• The cathode or positive plate(s) 21 is electrically connected to the positive current collecting lead 22. The lead 22 can be electrically insulated and can extend from the electrode plate connections 21 to the top of the cell case.
  • Electrical connection between the common polarity electrodes and a current collecting lead can be made with the lead being of sufficient length (as easily determined by one of skill in the art) to extend from the side of the electrode stack where the connections are made to the opposing side of the stack assembly. The lead may be coated or covered with an insulative material as appropriate and commonly known in the art.
  • The positive current collecting lead 22 is electrically attached to the feed-through pin 50. The teed-through pin can be electrically insulated by means of a glass-to-metal seal 40, thus providing the pin with a positive polarity.
  • The anode or negative plate(s) 23 is electrically connected to the negative current collecting lead 24. The negative lead 24 can extend from the anode plate connections 23 to the top of the electrode stack. The current collecting lead 24 is electrically attached to the case wall, thus providing the enclosure with a negative polarity. In one embodiment, the negative lead can extend out of the case and can be captured or pinched in the seam created when the header assembly is positioned.
  • The header assembly 30 can comprise the glass-to-metal seal 40 which is attached to the electrode stack 20 by means of the positive current collecting lead 22. To accommodate the leads and connections, a segment of the internal volume of the enclosure 60 remains vacant. It is obvious to those skilled in the art that the volume of vacant space in the enclosure 60 required by the present invention is substantially smaller than that required by the prior art shown in FIG. 8 (Keister, U.S. Pat. No. 4,830,940).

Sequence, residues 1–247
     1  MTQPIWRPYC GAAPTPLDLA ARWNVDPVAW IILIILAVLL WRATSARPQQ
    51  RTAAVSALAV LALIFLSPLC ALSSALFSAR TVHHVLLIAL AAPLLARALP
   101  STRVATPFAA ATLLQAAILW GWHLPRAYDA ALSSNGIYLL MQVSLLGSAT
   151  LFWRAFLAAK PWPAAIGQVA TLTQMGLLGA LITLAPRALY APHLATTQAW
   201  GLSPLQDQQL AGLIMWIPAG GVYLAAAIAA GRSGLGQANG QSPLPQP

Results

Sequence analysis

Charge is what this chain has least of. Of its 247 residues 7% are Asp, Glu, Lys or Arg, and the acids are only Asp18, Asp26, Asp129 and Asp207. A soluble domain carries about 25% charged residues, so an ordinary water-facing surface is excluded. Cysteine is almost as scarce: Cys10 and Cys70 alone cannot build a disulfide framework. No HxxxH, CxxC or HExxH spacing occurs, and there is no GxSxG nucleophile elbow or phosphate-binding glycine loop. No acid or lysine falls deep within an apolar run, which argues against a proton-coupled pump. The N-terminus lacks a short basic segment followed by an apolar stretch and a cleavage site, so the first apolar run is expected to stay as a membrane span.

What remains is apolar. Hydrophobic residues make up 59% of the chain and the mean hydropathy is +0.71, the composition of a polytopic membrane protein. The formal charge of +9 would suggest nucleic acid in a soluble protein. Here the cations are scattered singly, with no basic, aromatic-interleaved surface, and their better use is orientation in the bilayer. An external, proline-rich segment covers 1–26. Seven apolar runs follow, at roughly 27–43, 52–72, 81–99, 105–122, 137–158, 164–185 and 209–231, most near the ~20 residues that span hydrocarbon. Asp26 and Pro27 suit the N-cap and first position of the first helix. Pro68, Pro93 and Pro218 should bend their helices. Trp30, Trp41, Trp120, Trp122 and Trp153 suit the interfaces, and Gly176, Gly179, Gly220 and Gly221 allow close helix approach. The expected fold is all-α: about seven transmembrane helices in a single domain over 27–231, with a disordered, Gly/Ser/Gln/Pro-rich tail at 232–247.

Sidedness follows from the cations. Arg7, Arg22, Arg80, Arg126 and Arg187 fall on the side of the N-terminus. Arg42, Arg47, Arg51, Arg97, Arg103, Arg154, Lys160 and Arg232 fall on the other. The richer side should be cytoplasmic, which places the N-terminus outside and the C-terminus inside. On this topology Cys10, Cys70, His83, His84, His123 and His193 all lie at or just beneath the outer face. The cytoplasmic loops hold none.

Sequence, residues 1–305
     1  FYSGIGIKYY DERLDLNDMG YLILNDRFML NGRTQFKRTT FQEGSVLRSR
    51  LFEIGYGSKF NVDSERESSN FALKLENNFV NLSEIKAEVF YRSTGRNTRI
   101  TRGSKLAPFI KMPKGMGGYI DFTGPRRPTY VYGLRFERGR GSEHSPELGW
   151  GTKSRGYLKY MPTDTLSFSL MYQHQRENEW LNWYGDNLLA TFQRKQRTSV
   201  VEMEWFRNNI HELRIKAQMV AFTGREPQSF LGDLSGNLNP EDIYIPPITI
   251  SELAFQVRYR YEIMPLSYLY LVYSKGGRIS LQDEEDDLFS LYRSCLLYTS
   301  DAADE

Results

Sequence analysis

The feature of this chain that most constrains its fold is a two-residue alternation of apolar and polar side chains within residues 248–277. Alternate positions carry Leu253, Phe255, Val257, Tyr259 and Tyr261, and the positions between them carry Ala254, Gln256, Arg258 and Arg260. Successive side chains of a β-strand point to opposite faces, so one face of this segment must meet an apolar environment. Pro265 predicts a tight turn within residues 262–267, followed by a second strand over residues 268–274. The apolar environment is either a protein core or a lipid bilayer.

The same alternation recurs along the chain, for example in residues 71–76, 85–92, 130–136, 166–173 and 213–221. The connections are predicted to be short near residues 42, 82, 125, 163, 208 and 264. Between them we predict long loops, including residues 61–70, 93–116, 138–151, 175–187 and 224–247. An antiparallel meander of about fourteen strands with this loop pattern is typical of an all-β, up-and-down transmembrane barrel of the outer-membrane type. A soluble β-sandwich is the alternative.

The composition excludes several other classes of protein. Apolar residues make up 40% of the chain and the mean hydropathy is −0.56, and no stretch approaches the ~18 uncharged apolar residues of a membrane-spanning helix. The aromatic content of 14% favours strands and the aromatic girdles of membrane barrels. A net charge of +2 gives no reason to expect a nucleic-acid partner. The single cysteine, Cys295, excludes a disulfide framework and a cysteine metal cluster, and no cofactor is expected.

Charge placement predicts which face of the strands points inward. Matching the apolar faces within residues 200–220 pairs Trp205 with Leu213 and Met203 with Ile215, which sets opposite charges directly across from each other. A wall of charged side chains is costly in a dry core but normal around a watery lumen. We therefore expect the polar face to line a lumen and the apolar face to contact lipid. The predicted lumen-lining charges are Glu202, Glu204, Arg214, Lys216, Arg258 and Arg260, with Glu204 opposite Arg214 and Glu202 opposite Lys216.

• The high energy density batter of the invention can comprise an electrolyte solution. Any electrolyte solution known in the art can be used. With reference to FIG. 9, an electrolyte solution can then be added through the fill port 70, which can be sealed, e.g. hermetically sealed, with a metal ball 80 or other sealing device known in the art. Omitted from FIG. 9 for purposes of clarity are the electrically insulative materials to make the battery operational, and known to those skilled in the art.
  • In another embodiment, the case or battery enclosure for the high energy density battery enclosure can comprise a deep-drawn metal can. In another embodiment, the header assembly can be sized to fit the open end of the case. The electrode stack can be placed in an insulating bag which is then inserted into the deep-drawn can with current collection tabs placed along the outer surface of the electrode stack and electrically attached to the header.
  • In still another embodiment of the high energy density battery, a clamshell, case comprising two halves of a battery enclosure can be used to contain an electrode stack with current-collection leads placed along the outer surface of the electrode stack. The stack can then be inserted into an electrical insulating hag which is placed in one half of the split case design. Electrical connections can be made to the feed-through pin of the glass to metal seal incorporated into the half of the clamshell case containing the electrode stack. The opposite polarity connection is made to the other, matching case half.
  • In another embodiment, the high energy density battery can be a primary lithium battery. The anode can comprise a lithium or other group IA or IIIA metal or alloy thereof, and the cathode can comprise a transition metal oxide or combination of transition metal oxides or sulfides including but not limited to Ag2O, Ag2O2, CuF2, Ag2CrO4, MnO2, V2O5, TiS2, Cu2S, FeS, FeS2, silver vanadium oxide, copper vanadium oxide, copper oxide, and copper silver vanadium oxide.
  • In another embodiment, the anode can comprise lithium or other group IA or IIIA metal or alloy thereof and the cathode can comprise a fluorinated carbon or a mixed halogenated carbon material.
  • In one embodiment, the high energy density battery is a primary non-rechargeable) battery.
  • In another embodiment, the high energy density battery is a secondary (rechargeable) battery. The anode can comprise, for example, a lithium compound, carbon, graphite, or another carbonaceous material. The cathode layer can comprise a lithium insertion compound.